We have all encountered bogus claims on the Internet. Whether it would be a cheap iPhone, attractive members of the opposite sex in your neighborhood who are just dying to meet you, or one weird trick to something that some group will hate, the Web is filled with crazy claims. These connections often lead to dangerous and harmful content, and the worst variant of this type of junk content is the tech support scam.
Tech Support Scam – How Do They Work?
The usual tech support scam displays a message about a made up problem on the user’s PC. The message is displayed on a locked page, which the user can’t close easily by just clicking on the X icon on the browser. One popular message used by scammers is that there’s something wrong with the operating system of the computer. They can also mimic the Windows Blue Screen of Death (BSOD.) This scares a lot of people who don’t know how to close the tabs and decide to seek the tech support provided in the page. It’s usually a phone number. If the victim is desperate enough to call, the crooks one the other side of the line will present themselves as tech specialists. They’ll probably make some general statements and offer to fix the problem if the user pays them.
They’ll Probably Ask for Personal Information Like the Victim’s:
- First and Last Name
- Computer Type
- Credit card information
By calling, you’ll also give the scammers your phone number. They may even ask for the PIN code of your credit card. Their end-goal is always profit so it wouldn’t be too far-fetched. All the personal information can also be sold to whoever’s buying. The calls are very expensive. There’s an entire cybercriminal industry dedicated to stealing, collecting, and selling the personal information of users. There’s also a legal industry of data collection, mostly related to the world of Advertising. Learn what the internet knows about you. They’ll also do fake “holds” to keep the victim on their line and to siphon more money out of the call.
More Tricks used by the Tech Support Scammers
The crooks can demands of the victim to install RAT (Remote Access Tool) on their computer so that they can install viruses, malware, and other harmful content. While they’re inside the computer, they’ll attempt to get as much information as they can like:
- PIN codes
- Email addresses
- Browser History
- Search engine history
These are just a few example; RATs can access almost everything on your computer. Think of all the personal data that you store on it. It’s especially dangerous if the system contains confidential data.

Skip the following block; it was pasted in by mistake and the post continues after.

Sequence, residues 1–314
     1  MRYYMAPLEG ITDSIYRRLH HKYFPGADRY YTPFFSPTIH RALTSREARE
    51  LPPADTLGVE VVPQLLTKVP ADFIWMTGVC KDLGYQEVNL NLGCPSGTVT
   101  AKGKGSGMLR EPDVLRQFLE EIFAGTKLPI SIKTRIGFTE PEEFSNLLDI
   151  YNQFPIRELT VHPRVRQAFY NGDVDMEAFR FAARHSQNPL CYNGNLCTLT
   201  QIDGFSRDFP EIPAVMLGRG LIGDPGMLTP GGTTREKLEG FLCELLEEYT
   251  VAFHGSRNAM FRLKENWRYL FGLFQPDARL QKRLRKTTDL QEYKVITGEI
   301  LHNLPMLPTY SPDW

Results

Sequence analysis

Another trick used by the tech support scammers is to fool users into installing a Potentially Unwanted Program (PUP) on their computer that will show a massive amount of scam advertisements. PUPs are often attached to freeware programs. While users install them, they often neglect to check the Custom, Advanced or Slow options of the Install wizard. When the user sees an ad that looks like an error message across every site he or she visits, they’re likely to call the scam number. The ads can also be generated by a browser extension.
There’s also a new JPG scamming trick aimed at Chrome users. The crooks have created domains that display pictures that copy the Microsoft site.
Where are the tech support scammers located?
All over the world would be the quickest answer, though scammers are often based in India. The long distance of the call only adds to its cost. They often target English-speaking users, especially in the United States and the United Kingdom. The reason for this is simple – these are rich, first world countries. Scammers can make more money out of richer victims.
Tips for Protection Against Tech Support Scammers
There Are a Few Golden Rules When It Comes to Protecting Yourself from This Type of Cyber-Threat:
- Never call support numbers that claim to be from Microsoft. The company doesn’t have a tech support hotline.
- Always check the URLs of suspected tech support scams. They’re different than the original. They may contain extra letters, symbols, different domain name, like .net, .org, .ru instead of .com or whatever the original is.
- Don’t Install any programs before checking the Advanced, Slow, or Custom options
- Delete any programs you don’t need from the Add or Remove programs list on Windows
- Clear your browser. Delete cookies , remove needless extensions, delete cache data.
The biggest leap you can take to protect your cyber security is to install anti-virus and anti-malware tools and never turn them off. Some scams will display messages saying that the protecting software is making a mistake by classifying them as a virus. They’ll ask the user to whitelist them, turn off the protection software, or even outright delete it, but users shouldn’t fall for that trick.
Tech Support scammers and scams – Conclusion
At the end of the day, these scams and the people behind them are only after one thing – your money and your personal data. Don’t give them any of it. Use the information provided in the article and you’ll increase your security against scams immensely. Stay Cybersafe!